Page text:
Chia-Wen Wu, Frederick N.-F. Chou, and Fong-Zuo Lee
Hydrol. Earth Syst. Sci., 25, 2063–2087,Short summary
This paper promotes the feasibility of emptying instream storage through joint operation of multiple reservoirs. The trade-off between water supply and emptying reservoir storage and alleviating impacts on downstream environment are thoroughly discussed. Operation of reservoirs is optimized to calibrate the optimal parameters defining the activation and termination of emptying reservoir. The optimized strategy limits the water shortage and maximizes the expected benefits of emptying reservoir.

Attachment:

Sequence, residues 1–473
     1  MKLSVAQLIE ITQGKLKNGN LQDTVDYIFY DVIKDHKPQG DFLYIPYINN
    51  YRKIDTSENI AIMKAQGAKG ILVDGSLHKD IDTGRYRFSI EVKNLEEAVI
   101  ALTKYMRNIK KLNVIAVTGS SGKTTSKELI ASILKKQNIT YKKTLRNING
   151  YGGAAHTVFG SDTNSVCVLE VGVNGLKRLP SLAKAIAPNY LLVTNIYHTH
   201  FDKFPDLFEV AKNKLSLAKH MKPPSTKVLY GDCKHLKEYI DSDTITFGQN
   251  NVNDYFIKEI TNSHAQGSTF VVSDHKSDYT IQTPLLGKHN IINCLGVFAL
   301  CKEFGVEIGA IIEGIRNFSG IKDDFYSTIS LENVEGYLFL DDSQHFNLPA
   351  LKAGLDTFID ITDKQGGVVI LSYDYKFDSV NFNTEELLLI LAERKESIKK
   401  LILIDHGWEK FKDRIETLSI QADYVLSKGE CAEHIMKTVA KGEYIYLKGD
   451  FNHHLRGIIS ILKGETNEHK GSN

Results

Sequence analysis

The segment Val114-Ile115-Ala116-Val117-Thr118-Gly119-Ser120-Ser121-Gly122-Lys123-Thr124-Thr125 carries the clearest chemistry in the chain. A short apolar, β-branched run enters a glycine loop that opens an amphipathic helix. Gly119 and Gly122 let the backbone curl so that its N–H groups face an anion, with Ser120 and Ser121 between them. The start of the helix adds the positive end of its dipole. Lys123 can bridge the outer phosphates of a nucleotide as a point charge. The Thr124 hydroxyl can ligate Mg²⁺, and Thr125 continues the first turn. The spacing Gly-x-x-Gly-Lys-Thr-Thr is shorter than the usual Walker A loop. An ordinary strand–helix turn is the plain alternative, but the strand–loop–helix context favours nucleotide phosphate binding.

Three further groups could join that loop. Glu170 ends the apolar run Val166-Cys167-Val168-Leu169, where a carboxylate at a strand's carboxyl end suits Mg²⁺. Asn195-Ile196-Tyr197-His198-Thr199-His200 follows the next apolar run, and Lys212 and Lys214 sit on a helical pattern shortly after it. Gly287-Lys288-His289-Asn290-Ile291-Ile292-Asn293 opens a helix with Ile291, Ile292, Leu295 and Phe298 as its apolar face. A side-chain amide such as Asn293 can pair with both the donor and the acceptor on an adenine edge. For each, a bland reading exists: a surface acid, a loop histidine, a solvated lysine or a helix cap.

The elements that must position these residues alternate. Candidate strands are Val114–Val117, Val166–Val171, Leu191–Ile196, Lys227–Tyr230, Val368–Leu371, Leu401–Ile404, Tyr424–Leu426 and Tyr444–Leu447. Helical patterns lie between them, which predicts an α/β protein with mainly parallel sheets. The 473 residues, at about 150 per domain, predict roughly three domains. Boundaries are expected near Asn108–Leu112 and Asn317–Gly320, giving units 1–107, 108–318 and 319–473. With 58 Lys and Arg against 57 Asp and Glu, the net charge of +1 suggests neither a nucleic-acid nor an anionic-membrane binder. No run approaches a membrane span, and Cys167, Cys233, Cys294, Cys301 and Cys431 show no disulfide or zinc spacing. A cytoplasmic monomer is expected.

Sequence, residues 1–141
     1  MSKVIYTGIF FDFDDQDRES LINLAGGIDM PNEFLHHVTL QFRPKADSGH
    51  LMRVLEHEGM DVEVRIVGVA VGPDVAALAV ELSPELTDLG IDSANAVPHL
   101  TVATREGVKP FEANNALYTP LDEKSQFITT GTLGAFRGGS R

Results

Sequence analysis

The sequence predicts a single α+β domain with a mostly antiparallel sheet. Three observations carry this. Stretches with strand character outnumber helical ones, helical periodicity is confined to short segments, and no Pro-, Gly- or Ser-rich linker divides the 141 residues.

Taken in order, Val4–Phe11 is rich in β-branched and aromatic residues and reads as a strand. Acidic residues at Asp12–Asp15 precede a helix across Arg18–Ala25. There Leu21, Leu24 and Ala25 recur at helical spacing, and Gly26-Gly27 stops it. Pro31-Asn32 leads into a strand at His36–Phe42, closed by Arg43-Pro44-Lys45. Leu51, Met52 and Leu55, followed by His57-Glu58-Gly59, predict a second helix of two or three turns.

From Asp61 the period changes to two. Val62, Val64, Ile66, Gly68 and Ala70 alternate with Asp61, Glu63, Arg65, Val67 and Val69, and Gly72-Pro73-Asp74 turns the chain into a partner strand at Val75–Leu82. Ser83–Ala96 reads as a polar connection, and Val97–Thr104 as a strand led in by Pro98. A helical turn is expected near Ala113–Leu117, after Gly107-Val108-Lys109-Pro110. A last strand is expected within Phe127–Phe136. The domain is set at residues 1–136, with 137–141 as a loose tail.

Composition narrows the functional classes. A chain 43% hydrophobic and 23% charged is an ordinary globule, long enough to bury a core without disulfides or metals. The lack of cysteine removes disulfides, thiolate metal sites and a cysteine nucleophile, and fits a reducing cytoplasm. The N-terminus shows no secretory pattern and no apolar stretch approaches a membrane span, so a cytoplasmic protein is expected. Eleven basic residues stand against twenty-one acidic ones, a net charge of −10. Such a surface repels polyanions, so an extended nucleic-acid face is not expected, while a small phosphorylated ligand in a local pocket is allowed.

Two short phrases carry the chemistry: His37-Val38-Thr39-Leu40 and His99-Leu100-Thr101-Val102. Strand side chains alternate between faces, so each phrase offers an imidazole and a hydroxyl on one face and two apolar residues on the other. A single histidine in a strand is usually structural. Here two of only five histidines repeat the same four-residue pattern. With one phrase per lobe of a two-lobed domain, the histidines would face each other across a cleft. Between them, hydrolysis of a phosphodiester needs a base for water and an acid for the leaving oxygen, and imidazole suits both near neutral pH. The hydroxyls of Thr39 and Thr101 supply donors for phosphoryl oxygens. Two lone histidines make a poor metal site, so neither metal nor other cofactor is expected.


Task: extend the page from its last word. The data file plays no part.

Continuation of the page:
Yvonne Jans, Werner von Bloh, Sibyll Schaphoff, and Christoph Müller
Hydrol. Earth Syst. Sci., 25, 2027–2044,Short summary
Growth of and irrigation water demand on cotton may be challenged by future climate change. To analyze the global cotton production and irrigation water consumption under spatially varying present and future climatic conditions, we use the global terrestrial biosphere model LPJmL. Our simulation results suggest that the beneficial effects of elevated [CO2] on cotton yields overcompensate yield losses from direct climate change impacts, i.e., without the beneficial effect of [CO2] fertilization.
Artemis Roodari, Markus Hrachowitz, Farzad Hassanpour, and Mostafa Yaghoobzadeh
Hydrol. Earth Syst. Sci., 25, 1943–1967,Short summary